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At this Florida school, lessons from gardens, food drives, furniture repair

Ryan Wallace left his big, cliquish high school last spring for The Foundation Academy, a non-denominational Christian school with vegetable gardens and an aquaponic farm. “I wanted a chance to try something new,’’ said Ryan, now a 17-year-old junior planning a dodge-ball fundraiser for his class president campaign.

Boys in Aaron Unthank’s single-gendered fifth- and sixth-grade class learn from each other, too. The setup gives Unthank more freedom to cater classes to meet boys’ learning styles.

Twelve-year-old Marc’Anthony Acevedo came to the academy as a second-grader after being bullied at his old school.  This year, he’s part of a single-gendered class of fifth- and sixth-grade boys. “Sometimes we have arguments, but we get over it,” he said. “We’re all friends.’’

For Cori Hudson, the Foundation was his last shot at a diploma. He messed up at the school district’s option of last resort. “I come to school every day now,’’ said the 16-year-old. “I feel like school is the most important thing to me.’’

These transformations are exactly what principal Nadia Hionides hoped for when she started the academy near Jacksonville Beach, Fla. nearly 25 years ago.

With a style that’s part Montessori, part Waldorf, the Foundation offers hands-on, project-based learning with a college-preparatory curriculum based on the philosophy that everyone learns differently.

The school has 280 students in kindergarten through 12th grade; 100 are in high school. They share a 23-acre campus that Hionides and her husband, a ship deck builder and painter, bought in 2008 for $600,000. The couple spent another $5 million for eight, prefabricated steel structures, which include a front-office foyer where the floor is made from vinyl records.

Tuition starts at $6,000 a year. But 81 students receive tuition assistance from Step Up For Students, the nonprofit that administers Florida’s tax-credit scholarship program for low-income kids and co-hosts this blog.

The academy separates students into groups of two grade levels – kindergarten and first-graders, second- and third-graders, etc.


“Because that’s real life,’’ Hionides said. Also, “they push each other to shine.’’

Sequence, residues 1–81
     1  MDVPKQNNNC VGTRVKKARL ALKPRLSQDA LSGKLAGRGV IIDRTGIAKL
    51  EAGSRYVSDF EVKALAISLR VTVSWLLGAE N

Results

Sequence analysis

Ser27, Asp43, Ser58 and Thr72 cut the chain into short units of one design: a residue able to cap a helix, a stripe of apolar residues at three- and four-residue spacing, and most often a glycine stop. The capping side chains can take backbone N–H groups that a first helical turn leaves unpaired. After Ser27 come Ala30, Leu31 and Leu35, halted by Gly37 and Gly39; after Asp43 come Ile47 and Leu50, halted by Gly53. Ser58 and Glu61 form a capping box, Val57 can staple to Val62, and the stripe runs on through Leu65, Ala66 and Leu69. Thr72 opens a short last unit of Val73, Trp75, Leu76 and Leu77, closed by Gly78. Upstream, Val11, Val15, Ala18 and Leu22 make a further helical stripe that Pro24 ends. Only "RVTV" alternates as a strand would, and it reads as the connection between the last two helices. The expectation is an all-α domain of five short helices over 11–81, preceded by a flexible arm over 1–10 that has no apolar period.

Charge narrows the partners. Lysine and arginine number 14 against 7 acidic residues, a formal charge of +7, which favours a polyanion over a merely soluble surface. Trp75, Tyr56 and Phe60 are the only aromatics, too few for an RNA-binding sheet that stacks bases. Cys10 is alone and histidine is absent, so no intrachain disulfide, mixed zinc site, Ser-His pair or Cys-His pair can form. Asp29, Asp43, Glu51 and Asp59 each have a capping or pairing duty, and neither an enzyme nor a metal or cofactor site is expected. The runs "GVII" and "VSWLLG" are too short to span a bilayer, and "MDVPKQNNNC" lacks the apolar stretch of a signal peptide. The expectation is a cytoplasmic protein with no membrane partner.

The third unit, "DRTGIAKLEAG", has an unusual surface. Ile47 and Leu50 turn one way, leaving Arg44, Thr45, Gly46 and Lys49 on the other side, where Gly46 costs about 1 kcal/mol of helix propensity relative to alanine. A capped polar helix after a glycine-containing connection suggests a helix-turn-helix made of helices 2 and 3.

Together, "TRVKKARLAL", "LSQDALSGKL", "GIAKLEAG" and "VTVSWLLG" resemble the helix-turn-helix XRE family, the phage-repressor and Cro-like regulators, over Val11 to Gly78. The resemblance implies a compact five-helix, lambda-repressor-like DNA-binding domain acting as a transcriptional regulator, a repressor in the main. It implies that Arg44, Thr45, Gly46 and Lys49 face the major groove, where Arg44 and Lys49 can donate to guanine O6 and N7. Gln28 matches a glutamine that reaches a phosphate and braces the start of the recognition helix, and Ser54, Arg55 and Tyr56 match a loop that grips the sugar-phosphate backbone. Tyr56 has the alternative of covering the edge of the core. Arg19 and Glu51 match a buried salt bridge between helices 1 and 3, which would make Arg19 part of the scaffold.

It seems to work in the fifth- and sixth-grade boys’ class – for the students and their teacher.

“It’s fantastic,’’ said Aaron Unthank, a longtime private school music teacher and baseball coach. “There’s a different kind of camaraderie as a class and there’s a lot more freedom I have as a teacher to talk about guy things.’’

The younger boys learn from the older boys, and the older boys gain confidence, Unthank said. He paraphrased Einstein:  “You don’t know a thing well enough unless you can talk about it.”

In another classroom, ninth- and 10th-graders do project-based learning where math, science and literature are rolled into one assignment. A recent example: students produced their own version of the classic science fiction novel, “The War of the Worlds.’’

Some  used foil and cardboard to fashion aliens in outer space. Others created graphic novels with three-dimensional illustrations.

Students – not teachers – evaluate one another’s work. They use a rubric that looks at the overall display and whether the project answered essential questions.

The academy is accredited by the National Independent Private School Association and the Southern Association of Colleges and Schools.

There is no Florida Comprehensive Assessment Test. Private schools aren’t required to take the same standardized tests as their public school counterparts. But the Foundation does test tax credit scholarship students in grades three through 10, giving them approved norm-referenced assessment tests in reading, writing and math as required by law.